Exiting gracefully

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Exiting gracefully

Lee Ha-kyung
The author is the chief editor of the JoongAng Ilbo.

A president’s power is most mighty after inauguration. The fatigue of administering a country can be dissolved by the roar of approval from the public. Strength can lead to public adoration, which leads to even greater strength. But public sentiment gradually cools off. And then it sours. A lame-duck period eventually arrives. That’s an unavoidable cycle in Korea’s single, five-year presidency.

President Moon Jae-in’s approval rating has slipped below 30 percent with a year left in office. The Blue House set up a taskforce on youth affairs after losing the votes of the people in their 20s and 30s, once Moon’s biggest fans. They liked his slogans about fairness, justice and equality. Now they don’t believe them. Moon’s governing power has lost steam.

The Pfizer vaccination program has stopped due to the government’s failure to buy enough of the two-dose vaccines. Moon’s assurances and reassurances that enough vaccines had been bought turned out to be a bluff. Even the sycophants will keep a distance from him from now on. Sleepless nights await the president on his way to the exit.

How much favor he has lost with the public was underscored by the opposition of residents of Yangsan, a rural area in South Gyeongsang province, which resulted in the suspension of the construction of Moon’s post-retirement home on a spacious lot of farmland. The area has been festooned with banners demanding an end to construction that would “wreck” the community’s peaceful life. His aides claim Moon will be living there and won’t be selling the house for a profit and that he did not break any rules in the purchase of the farmland.

But the people cannot sympathize with the president’s’ purchase of farmland as big as a soccer field at a time when people can’t afford to buy homes due to spikes in real estate prices. And yet, Moon’s chief of staff and security chief advised him to purchase the farmland by insisting on his alleged 11 years of farming experience and later changed the land purpose to build a spacious residence for the retired president and security guards.

A retired president must return to ordinary life. A conflict is inevitable if an ex-president aspires to a life of influence and political relevance. Soon after former President Roh Moo-hyun retired to a spacious rural community in Bongha, South Gyeongsang, he received a parade of visitors every day. The prosecution’s raid and investigation of his family for bribery may not have been coincidental. Moon’s retirement retreat is even bigger than Roh’s residence. The construction plan was not wise.

A humble return to normal life could offer a psychological relief. Moon was twice indicted for protesting the military regime and sentenced to a jail term. When his background was questioned during a review for his application for a judge post after passing the bar exam, he kept to his convictions and lost the chance to build a judicial career in the government.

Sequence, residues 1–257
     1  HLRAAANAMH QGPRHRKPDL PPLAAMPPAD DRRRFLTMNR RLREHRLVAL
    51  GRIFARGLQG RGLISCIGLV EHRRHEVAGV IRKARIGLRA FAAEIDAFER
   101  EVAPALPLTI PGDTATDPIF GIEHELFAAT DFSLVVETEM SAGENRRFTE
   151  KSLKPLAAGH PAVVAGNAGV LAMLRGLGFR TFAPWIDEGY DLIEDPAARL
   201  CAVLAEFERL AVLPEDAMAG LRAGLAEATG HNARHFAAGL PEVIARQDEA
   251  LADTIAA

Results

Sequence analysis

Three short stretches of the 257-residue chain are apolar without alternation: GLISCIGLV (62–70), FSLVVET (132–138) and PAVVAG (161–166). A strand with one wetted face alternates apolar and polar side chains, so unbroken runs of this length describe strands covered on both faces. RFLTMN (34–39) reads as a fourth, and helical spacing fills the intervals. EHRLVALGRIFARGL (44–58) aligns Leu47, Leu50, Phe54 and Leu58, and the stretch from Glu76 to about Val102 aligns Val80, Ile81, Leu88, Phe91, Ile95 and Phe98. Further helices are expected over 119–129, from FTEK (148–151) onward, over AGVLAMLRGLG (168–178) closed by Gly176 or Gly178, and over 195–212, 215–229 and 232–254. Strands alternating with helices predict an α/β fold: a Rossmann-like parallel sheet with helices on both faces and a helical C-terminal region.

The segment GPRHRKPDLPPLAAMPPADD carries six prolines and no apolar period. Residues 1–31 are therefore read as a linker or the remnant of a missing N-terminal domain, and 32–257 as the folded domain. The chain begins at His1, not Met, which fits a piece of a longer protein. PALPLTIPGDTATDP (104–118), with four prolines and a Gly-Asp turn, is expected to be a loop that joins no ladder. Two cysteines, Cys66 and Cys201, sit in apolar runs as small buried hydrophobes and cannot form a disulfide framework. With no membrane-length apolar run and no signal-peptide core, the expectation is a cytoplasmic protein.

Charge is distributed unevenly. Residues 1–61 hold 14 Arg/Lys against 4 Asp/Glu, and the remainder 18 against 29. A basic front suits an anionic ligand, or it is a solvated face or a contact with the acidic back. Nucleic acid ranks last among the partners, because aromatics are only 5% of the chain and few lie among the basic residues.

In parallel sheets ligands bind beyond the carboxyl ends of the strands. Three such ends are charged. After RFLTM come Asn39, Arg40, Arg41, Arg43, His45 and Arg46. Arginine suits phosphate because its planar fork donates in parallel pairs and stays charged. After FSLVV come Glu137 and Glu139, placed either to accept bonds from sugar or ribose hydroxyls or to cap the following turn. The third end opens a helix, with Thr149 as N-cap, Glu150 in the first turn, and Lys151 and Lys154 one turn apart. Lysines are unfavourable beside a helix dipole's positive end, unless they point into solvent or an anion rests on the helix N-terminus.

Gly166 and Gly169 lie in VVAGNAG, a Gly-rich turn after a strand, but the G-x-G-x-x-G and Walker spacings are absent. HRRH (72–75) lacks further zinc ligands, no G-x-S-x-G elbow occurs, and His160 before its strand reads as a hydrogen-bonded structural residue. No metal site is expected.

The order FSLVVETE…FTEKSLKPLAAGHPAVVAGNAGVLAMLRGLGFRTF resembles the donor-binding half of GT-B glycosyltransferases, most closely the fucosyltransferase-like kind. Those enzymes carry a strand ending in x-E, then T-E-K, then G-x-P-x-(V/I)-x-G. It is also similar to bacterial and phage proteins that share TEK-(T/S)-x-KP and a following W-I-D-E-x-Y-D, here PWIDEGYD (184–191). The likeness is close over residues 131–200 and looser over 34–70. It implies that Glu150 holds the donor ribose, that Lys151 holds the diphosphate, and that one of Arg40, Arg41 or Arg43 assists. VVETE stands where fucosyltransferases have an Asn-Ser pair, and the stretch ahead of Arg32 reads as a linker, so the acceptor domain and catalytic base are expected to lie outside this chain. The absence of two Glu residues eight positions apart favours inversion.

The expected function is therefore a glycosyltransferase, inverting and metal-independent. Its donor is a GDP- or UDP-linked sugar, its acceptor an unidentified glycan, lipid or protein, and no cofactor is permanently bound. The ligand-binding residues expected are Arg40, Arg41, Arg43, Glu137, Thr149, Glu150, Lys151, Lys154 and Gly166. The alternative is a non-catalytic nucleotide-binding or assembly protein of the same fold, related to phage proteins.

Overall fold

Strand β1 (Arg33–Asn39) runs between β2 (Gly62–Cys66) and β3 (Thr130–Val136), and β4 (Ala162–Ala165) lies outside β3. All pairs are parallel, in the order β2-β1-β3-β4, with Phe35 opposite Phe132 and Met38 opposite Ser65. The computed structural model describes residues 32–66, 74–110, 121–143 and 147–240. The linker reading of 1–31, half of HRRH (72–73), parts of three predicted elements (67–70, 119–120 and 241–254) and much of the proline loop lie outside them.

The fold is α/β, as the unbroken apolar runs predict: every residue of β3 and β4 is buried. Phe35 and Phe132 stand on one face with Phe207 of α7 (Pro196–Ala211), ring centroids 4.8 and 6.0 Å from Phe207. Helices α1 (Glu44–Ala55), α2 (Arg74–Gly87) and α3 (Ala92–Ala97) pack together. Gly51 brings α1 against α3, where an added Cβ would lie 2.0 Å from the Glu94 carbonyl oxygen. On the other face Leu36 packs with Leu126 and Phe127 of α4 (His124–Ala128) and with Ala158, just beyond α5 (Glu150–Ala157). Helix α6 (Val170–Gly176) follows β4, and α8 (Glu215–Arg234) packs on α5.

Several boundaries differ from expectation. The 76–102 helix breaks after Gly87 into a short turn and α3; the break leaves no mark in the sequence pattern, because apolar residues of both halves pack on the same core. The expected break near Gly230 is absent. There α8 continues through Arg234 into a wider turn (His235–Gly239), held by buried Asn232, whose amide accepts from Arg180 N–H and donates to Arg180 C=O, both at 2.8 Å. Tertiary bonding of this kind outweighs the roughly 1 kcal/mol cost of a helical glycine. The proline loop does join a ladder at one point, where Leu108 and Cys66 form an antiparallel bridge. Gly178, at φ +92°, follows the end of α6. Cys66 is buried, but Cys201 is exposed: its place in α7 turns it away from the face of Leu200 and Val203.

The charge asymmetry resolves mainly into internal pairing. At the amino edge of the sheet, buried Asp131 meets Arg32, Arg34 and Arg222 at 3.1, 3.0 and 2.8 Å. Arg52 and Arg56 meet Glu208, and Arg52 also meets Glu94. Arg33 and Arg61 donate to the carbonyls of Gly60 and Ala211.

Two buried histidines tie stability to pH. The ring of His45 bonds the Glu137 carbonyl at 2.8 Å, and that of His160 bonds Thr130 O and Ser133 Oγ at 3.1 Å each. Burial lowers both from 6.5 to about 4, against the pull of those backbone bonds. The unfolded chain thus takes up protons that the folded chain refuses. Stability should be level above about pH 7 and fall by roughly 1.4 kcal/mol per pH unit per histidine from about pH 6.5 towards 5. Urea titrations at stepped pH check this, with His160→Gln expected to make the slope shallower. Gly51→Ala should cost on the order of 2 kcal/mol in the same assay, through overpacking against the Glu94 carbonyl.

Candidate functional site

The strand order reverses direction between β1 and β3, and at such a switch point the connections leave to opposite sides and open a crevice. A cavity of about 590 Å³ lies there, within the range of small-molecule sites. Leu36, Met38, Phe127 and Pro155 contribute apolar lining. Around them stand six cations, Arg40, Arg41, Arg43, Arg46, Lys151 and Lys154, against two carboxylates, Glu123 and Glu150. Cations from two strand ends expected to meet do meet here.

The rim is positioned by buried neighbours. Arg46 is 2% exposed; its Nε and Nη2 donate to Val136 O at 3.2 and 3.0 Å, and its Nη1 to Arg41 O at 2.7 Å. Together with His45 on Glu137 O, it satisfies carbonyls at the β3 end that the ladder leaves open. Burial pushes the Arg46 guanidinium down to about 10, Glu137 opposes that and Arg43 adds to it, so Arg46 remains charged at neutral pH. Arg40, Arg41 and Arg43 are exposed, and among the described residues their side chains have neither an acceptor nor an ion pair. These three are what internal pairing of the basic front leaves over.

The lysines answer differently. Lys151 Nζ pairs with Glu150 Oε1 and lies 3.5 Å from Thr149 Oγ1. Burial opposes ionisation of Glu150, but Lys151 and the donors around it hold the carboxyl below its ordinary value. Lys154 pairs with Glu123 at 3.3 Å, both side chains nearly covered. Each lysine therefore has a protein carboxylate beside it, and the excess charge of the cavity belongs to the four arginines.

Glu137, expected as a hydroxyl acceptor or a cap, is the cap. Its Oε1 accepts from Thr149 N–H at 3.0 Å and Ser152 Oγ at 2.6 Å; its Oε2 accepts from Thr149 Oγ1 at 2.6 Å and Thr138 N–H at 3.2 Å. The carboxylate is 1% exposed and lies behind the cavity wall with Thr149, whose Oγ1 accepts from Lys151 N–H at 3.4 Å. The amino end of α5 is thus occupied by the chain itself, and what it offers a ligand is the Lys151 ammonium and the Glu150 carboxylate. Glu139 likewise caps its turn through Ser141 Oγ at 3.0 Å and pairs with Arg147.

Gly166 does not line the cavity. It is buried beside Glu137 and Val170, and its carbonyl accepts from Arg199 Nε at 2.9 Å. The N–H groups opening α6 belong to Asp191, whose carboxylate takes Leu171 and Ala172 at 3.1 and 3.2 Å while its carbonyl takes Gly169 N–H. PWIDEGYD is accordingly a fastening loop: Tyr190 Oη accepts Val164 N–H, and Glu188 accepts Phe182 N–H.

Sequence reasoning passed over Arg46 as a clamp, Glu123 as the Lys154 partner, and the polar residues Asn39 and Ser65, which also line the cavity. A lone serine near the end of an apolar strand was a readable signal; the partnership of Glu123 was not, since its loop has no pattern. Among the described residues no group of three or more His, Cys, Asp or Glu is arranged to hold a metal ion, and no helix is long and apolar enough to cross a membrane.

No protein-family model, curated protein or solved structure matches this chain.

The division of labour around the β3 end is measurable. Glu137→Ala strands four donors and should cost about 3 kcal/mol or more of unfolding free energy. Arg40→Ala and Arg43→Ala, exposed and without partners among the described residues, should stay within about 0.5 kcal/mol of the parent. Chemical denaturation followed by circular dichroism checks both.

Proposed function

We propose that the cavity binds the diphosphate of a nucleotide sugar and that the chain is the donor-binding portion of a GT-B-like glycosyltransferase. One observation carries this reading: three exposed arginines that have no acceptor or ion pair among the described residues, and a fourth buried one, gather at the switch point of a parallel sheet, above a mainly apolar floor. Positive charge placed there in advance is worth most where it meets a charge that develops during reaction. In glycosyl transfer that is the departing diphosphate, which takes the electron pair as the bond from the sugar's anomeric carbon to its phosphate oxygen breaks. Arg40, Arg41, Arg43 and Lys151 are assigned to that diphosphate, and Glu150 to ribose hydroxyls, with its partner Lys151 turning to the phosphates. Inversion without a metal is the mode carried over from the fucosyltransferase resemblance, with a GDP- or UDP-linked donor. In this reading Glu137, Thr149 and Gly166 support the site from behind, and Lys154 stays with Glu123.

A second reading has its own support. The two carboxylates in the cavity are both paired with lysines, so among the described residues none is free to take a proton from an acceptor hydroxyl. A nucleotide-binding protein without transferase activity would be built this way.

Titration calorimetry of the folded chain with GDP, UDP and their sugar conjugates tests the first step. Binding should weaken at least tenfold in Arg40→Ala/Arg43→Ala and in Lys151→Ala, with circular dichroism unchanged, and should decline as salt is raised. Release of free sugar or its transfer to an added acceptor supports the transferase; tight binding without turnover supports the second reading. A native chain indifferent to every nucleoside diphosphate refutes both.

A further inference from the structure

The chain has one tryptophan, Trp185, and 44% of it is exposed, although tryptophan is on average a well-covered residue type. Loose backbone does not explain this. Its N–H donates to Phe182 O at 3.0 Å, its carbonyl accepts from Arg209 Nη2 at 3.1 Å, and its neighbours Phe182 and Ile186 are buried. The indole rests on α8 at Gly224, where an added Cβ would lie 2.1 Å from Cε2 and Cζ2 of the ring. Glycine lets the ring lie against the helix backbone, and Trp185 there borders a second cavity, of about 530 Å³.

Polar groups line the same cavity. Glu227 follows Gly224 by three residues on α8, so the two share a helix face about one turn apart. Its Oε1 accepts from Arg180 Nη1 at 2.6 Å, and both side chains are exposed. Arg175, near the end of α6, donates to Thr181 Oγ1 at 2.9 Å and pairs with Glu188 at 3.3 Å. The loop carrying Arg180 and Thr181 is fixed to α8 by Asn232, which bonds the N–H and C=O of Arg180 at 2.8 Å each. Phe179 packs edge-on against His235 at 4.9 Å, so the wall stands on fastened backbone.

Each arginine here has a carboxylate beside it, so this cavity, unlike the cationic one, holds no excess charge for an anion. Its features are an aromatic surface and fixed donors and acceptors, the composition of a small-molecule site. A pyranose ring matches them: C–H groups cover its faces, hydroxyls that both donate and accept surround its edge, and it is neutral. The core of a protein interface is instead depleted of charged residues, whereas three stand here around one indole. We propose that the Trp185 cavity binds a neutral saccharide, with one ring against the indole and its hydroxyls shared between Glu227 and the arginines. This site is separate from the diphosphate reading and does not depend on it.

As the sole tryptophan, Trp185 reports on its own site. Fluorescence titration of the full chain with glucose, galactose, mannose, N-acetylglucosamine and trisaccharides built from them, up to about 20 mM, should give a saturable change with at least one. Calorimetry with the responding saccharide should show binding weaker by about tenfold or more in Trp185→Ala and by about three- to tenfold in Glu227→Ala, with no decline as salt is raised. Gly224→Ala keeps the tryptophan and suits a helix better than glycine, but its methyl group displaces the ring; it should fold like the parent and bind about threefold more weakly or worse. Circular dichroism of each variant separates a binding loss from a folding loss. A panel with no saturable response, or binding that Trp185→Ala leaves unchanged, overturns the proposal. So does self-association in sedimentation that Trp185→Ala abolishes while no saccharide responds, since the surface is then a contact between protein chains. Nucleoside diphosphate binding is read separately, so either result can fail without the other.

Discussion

A big law firm offered a high-paying job, but Moon chose to become a human rights lawyer. “A virtuous human rights lawyer” was Moon’s biggest appeal and helped him become president. If he is really the same altruistic man, he had better return to his modest home in northern Seoul, where he lived until moving to the Blue House.

A desire to stay important could boomerang. Just because he has access to power and information, he should not think himself almighty and look down on the public. He must not follow in the footsteps of past presidents.

A 34-year old man has been recommended for prosecution for insulting the president. In a democracy, some hyperbole needs to be tolerated. When free expression is restricted, a community can break down. Moon has said the people have the freedom to criticize the president. That can be good if doing so can comfort the people and ease their anxieties, he explained. Has Moon changed after taking power?

What is more valuable than a president’s conviction is the people’s safety and interests. The comment Moon made ahead of his first summit with U.S. President Joe Biden on May 21 was worrisome. He criticized vaccine-producing countries for vaccine nationalism. But the White House soon announced it would give 60 million doses of AstraZeneca vaccines to countries in need. In a video address to the Boao Forum for Asia in China, Moon praised Beijing for its Covid-19 support and vaccine sharing. That won’t help Seoul ask for Washington’s help in bringing more vaccines to the country.

A leader should be able to accept the opinions of political opponents to unite the people. New Seoul Mayor Oh Se-hoon has decided to continue with the costly project of rebuilding Gwanghwamun Square. Oh said construction was 34 percent complete and 25 billion won ($22.3 million) was already spent. He vowed to see through the project. Oh sought cooperation with the ruling party-dominated city council by respecting the plans of the late mayor he succeeded. In his final year, Moon must become selfless and seek unity. He must seek the sense of the common, not his own.
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